The issue of whether virtue could be taught hinged on the status of who could teach virtue. Yet, since everyone who claimed to teach virtue was confused on the issue, (at least after meeting Socrates) virtue must be unteachable. However, the volitionism of Socrates comes through in this dialogue suggesting that there must be some sort of knowing the goes hand in hand with right action. A clear example is in the words of the Socratic character: “And do you really imagine, Meno, that a man knows evils to be evils and desires them notwithstanding?” (Plato, 1999). This question is ironic, if not rhetorical in tone and suggest a sort of knowledge that is paired with virtue. The conclusion of the Meno is ironic as virtue can be sullied, according to the accuser’s of Socrates. He was that culture’s scapegoat for the ‘corruption of youth’ in the Apology.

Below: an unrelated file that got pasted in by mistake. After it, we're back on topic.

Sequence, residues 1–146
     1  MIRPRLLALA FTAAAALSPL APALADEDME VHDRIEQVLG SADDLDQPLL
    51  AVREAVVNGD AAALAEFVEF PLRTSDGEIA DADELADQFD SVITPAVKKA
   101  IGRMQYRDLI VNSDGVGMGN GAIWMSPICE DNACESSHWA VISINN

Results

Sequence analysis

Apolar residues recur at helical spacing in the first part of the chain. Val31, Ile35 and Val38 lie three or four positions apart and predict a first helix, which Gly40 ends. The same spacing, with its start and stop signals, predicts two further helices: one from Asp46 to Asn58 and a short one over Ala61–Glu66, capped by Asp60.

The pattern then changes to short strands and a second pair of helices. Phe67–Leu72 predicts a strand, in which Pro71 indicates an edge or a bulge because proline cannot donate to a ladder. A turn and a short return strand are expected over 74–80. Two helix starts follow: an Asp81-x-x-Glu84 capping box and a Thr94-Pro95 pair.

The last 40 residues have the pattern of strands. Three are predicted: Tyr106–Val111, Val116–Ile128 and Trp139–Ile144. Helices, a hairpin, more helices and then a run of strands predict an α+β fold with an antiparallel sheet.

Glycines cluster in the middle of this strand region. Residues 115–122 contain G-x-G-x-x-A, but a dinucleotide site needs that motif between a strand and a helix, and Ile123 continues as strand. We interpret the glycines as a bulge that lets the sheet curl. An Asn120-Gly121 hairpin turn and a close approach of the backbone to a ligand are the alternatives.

The Euthyphro engages the question of what is it that makes things good. Euthyphro (the character) suggests that it is the gods who determine what is good. Socrates counters that the gods are in discord on the matter and, as such, they could not provide a steady guide (Plato, 1993, p.13 Euthyphro). Socrates suggests that men, just as much as gods can posit that wrong ought to be punished. The tricky part in linking divine command with morality is in determining the chronology. Does the command precede the conception of good or vice versa. Socrates also shows himself to be a volitionist at this point, believing right knowledge will lead to right action. The Euthyphro gives no closure on what it is that makes virtue holy. Or, even if the gods command according to good or decide the good by their command.